Named re-vibe, these teens were preforming a dance style that involves basketballs. Behind them, in the entrance to Yoyogi Park is a gorgeous pine tree, protected for winter by precisely spaced ropes.
A single tree standing in the entrance to a modern Tokyo house provides a marvelous contrast between the traditional and the new. The beauty of the single tree and the clean lines of the boxy concrete home create a uniquely Japanese feeling, or what I introduced recently as wafu modern (和風モダン) in relation to Kuma Kenga’s new Nezu Museum and tea house.
The intricately pruned pine tree evokes hundreds of years of Japanese garden design almost single-handedly. The pairing suggests a forward-looking aesthetic that remembers and revitalizes traditional culture elements.
From an ecological perspective, the single tree and minimal shrubs provides very little habitat. This quiet cul-de-sac suffers a typical Tokyo over-abundance of pavement, which is a certain pathway to Tokyo Bay pollution from storm runoff and an obstacle to insect and plant life that could feed and shelter bees, birds and other urban wildlife.
Still, the effect of the tree is all the more dramatic against the excess of hardscape. I also would regret if urban ecology became a quantitative calculation of efficiencies and benefits. There must be a place for not only traditional culture but also the type of human care and aesthetic appreciation manifest in this stylized pine tree.
Diane Durston of the Portland Japanese Garden invited me last week to visit the Nezu Museum, which recently reopened. The art collection of scrolls and screens representing nature from the fourteenth century are stunning, as is the new building designed by Kuma Kengo is a wonderful example of “wafu modern” (和風モダン), a modernization of traditional Japanese design. But mostly I was drawn outside to the large garden.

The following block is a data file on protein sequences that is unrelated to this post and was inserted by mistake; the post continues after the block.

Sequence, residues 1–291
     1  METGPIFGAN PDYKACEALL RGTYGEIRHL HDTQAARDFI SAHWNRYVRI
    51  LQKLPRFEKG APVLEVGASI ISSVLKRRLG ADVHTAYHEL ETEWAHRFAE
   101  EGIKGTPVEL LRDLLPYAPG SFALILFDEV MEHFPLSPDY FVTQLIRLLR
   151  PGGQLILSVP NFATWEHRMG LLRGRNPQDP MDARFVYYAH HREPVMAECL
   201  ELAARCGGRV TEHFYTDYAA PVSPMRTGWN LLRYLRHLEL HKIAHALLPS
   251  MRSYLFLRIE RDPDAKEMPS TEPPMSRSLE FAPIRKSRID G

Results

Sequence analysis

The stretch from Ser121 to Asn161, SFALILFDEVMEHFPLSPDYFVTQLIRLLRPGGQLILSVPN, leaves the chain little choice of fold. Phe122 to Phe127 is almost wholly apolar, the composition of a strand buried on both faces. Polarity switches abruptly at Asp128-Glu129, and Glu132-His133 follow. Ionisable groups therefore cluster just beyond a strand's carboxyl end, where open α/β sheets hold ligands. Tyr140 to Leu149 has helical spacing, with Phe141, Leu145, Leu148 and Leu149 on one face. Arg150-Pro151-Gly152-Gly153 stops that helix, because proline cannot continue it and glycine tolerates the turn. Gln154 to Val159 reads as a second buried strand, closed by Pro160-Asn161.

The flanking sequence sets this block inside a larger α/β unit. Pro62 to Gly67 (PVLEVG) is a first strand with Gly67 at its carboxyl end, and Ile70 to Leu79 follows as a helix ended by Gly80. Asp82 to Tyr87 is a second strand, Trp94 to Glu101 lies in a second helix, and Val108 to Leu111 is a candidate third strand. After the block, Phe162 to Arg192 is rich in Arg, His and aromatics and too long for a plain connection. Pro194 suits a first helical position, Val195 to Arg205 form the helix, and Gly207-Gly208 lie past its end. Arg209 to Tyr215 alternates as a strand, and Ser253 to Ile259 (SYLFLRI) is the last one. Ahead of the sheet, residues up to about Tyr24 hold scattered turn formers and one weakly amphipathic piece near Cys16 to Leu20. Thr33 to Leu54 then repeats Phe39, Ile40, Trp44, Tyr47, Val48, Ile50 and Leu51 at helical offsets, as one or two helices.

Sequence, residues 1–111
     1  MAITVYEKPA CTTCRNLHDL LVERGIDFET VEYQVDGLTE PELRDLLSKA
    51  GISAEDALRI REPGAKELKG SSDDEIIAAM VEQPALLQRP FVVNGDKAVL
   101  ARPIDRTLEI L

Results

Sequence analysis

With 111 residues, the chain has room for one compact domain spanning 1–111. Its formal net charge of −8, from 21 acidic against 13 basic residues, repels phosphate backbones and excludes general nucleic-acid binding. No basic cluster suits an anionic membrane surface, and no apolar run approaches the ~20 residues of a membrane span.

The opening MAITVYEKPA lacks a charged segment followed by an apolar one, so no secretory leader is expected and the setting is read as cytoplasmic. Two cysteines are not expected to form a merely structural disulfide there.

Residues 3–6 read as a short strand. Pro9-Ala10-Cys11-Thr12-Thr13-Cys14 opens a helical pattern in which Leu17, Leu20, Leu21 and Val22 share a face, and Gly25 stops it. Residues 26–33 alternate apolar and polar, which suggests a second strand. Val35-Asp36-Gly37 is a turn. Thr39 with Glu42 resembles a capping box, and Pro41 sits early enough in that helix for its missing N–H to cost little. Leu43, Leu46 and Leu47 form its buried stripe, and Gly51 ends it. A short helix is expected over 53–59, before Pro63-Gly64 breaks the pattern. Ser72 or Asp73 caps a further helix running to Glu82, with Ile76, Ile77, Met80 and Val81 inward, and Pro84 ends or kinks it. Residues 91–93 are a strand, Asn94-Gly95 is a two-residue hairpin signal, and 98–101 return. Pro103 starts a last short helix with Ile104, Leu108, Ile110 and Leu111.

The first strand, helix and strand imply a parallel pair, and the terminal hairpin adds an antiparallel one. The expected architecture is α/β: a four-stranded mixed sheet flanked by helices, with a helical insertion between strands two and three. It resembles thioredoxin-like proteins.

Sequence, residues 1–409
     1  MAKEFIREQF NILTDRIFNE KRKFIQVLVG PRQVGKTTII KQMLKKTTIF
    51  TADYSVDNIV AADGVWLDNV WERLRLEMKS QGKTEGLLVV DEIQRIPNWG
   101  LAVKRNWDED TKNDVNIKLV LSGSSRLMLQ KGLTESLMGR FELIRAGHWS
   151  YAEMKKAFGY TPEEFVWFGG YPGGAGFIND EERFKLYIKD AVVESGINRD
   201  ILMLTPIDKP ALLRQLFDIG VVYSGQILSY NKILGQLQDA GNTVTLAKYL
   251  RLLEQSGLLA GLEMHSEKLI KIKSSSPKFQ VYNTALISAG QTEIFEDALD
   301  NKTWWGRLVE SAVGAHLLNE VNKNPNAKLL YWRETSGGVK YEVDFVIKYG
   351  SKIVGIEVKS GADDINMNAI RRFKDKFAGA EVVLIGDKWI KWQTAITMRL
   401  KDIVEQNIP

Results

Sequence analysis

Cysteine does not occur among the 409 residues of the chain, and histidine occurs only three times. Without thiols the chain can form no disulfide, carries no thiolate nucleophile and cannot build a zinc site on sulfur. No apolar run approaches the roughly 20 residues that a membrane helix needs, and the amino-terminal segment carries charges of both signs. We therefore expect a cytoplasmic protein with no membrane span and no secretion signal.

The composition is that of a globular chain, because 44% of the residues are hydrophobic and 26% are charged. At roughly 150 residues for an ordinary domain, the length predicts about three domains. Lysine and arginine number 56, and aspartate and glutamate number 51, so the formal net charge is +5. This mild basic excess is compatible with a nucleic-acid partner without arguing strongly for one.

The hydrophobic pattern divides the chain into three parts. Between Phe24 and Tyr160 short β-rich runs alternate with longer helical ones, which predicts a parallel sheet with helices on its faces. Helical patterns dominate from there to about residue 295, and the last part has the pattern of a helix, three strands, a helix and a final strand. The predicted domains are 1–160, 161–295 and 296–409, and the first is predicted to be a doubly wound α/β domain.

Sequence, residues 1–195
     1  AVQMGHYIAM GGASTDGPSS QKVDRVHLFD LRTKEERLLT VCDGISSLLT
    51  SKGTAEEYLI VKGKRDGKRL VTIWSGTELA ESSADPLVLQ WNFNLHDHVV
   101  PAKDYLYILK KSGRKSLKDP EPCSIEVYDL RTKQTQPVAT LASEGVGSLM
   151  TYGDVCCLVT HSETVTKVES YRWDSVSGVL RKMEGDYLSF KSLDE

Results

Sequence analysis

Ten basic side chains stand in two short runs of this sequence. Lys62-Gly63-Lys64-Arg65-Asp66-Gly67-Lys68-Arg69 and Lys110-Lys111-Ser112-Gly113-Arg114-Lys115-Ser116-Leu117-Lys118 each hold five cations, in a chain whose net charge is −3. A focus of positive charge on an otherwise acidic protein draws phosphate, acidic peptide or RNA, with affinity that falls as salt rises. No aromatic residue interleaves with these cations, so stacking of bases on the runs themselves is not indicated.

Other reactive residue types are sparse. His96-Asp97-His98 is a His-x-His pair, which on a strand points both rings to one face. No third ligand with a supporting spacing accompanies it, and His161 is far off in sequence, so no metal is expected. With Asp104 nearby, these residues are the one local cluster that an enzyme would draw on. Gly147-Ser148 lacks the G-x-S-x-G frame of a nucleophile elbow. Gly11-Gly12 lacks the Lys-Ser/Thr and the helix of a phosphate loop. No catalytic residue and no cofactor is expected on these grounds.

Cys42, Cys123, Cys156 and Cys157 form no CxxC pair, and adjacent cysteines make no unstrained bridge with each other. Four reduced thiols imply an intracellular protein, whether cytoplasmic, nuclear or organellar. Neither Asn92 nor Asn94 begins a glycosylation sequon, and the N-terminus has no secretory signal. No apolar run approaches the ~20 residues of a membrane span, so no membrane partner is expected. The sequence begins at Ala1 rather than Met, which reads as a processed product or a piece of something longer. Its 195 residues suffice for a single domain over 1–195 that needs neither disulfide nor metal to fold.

The winding paths and unexpected size make you feel far from Aoyama. Although just outside the main exhibit hall, the garden is marred by the sight of the strangely tall and also squat Roppongi Hiills Tower, once inside the garden it is a fantasy of forest punctuated by old tea houses, streams and ponds. The garden has been revived yet retains a look of simplicity and wildness. Originally it formed part of the home of the museum founder Nezu Kaichiro, the Tobu Railway president and industrialist who was a collector of pre-modern Japanese and Asian art.
Perhaps even better than Kuma Kengo’s main exhibit hall is his modern take on the Japanese tea house. The new cafe is incredibly light and airy, opening out on to the garden and with an interesting ceiling light that looks like illuminated stone.
Since our visit last Friday, the weather has turned much cooler, especially at night. The next few weeks will have wonderful fall foliage in the garden.